From Chicken Soup for the Working Mom's Soul

The Contract

I had always heard there was nothing better than being your own boss. After working in the media for eighteen years, I decided to go it alone as a radio talk-show host and freelance writer. But having a home-based business was more difficult than I imagined. Especially because my daughter stayed home with me all day.

“Mommy!” cried three-year-old Micah from the kitchen.

The click of my heels on the tile echoed down the hall. My mother would be here any minute to watch Micah while I attended a morning meeting. Thank goodness for Mom. Now retired, she usually could babysit with a little notice. She even kept Micah overnight on Fridays while my husband, Michael, and I enjoyed some time as a couple.

Micah sat at the kitchen table. Strawberry milk mixed with globs of oatmeal surrounded her. “I made a little mess,” she admitted as she scrunched up her nose. “Sorry.”

I grabbed a dishcloth and stifled a sigh. “It’s okay, sweetie. Let Mommy help.”

As I bent over to clean the goop off the floor, Micah leaped from her chair onto my back. “Giddy up, horsie!”

“Not now, Micah.” I tried not to sound annoyed. As she slid down, she gave me a big hug around the neck and a kiss on the cheek.


“Grammy, Grammy, Grammy.” Micah darted for the front door.

“Good morning,” chirped Mom.

I threw the dishcloth in the sink, grabbed my briefcase, and headed toward the door. “Thanks for coming. The kitchen floor is slick, beware,” I announced as I hugged Mom.

“Might want to change your jacket,” Mom said, pointing to clumps of oatmeal on my shoulder.

I sprinted to my bedroom. Nothing new for me; I was always running, literally and figuratively. Interviewing guests, meeting with advertising clients, stopping by the store for more groceries, cooking meals, and taking care of the house, Michael, and Micah left little time for anything else—or anybody else. Including me.

We had photographs, so I knew I must have had a life before I started my own business and became a mother, but I could barely remember what it was like to sleep in on the weekends, linger over lunch with a friend, or lose myself in a good book.

Because I mainly worked at home and Michael’s business had flexible hours, I figured caring for Micah all day wouldn’t be that hard. And it wasn’t, unless I wanted to do something else. Trying to squeeze in work when she slept or when I could coordinate with Mom or Michael to watch her was hectic. There was definitely no downtime for me.

Now with a jacket sans breakfast stains from a three-year-old, I kissed Micah and hugged Mom good-bye. “Hey, your birthday is this month.” I suddenly remembered. “Think about what you want.”

“I already have an idea, but it’s a little out of the ordinary,” Mom answered with a smile. “Julie Andrews is coming to town. Think we could get tickets?”

“That sounds easy enough,” I replied, shutting the door. After all, I worked in the media. Event tickets were my specialty.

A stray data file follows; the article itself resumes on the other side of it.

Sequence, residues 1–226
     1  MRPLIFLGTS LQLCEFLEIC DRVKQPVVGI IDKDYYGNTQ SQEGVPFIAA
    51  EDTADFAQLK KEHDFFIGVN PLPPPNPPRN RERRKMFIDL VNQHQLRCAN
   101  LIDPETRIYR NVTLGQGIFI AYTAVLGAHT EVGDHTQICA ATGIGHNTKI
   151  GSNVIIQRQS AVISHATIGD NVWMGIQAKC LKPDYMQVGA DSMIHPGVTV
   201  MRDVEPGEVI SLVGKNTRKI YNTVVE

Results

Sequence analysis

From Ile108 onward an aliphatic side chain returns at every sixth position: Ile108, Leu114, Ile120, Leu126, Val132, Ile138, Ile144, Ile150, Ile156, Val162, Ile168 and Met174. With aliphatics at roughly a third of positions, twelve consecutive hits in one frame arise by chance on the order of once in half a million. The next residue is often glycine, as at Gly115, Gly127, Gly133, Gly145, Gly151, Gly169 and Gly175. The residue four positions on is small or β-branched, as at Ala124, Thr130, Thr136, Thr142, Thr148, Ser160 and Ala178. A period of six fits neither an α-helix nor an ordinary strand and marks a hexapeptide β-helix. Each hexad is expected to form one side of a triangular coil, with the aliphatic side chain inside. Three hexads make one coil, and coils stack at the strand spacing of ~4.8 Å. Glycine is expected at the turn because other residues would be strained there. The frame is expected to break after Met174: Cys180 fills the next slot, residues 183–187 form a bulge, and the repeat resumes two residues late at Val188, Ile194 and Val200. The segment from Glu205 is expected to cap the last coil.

A couple of Saturday evenings later, Daddy and Micah had a date while Mom and I went downtown to the Civic Center. On the drive into the city, we chatted like schoolgirls. Before Micah was born, we often did things together, but now our attention centered on Micah. I’d forgotten how much I missed having my mother all to myself, and planned to enjoy it, even if it was for only a few hours.

As I sat in the darkened theater, I breathed deeply. So this is what it feels like to be relaxed. My responsibilities at work and home floated out of my mind. I got a faint glimmer of who I used to be—before my business, husband, home, and daughter consumed my time.

Sure, my life was everything I’d hoped for. But I craved some “me” time. Until now, I was unaware that I desperately needed a night off. I enjoyed myself so much that it almost felt like my birthday instead of Mom’s.

“That was so much fun,” said Mom as we walked to the car. “Let’s do something like this again.”

The next week, while on the phone with a client, he negotiated: “I want to buy the radio spots, but I want them for a different rate.”

Eager to make a deal, I agreed. “Okay, write in the price you suggested, fax the contract back to me, and I’ll take a look at it.”

Wish I could strike a bargain like that! I thought, hanging up the phone. I leaned back in my desk chair. Just what would I negotiate if I had a contract?

That evening I cooked all of Michael’s favorites: meat loaf, corn, mashed potatoes, rolls. I even got a cake from the in-store bakery.

“What’s the occasion?” he asked, suspicious.

I smiled sweetly. “I decided that I want to start cooking more often.”

After I put Micah to bed, I found Michael in front of the television. “Honey, I want to be a better wife and mother, so I came up with this.” I handed him a sheet of paper—a contract that outlined all the things I was already doing: working, cooking, housework, shopping, errands, caring for Micah. At the bottom I had only one request: Saturday night off.

“It’s a small concession, don’t you think?” I asked.

Michael nodded. How could he refuse when everything I did was listed right there in black and white?

I now sometimes spend Saturday evenings at dinner with Mom or friends, but mainly, I just hang out in the bedroom and read. Michael makes sure Micah eats dinner, takes a bath, and gets to bed. And I have the night off to do whatever I please.

Every mother needs to negotiate a little time off. When my contract comes up for renewal, I plan to ask for Tuesday afternoons off, too!

Stephanie Welcher Thompson

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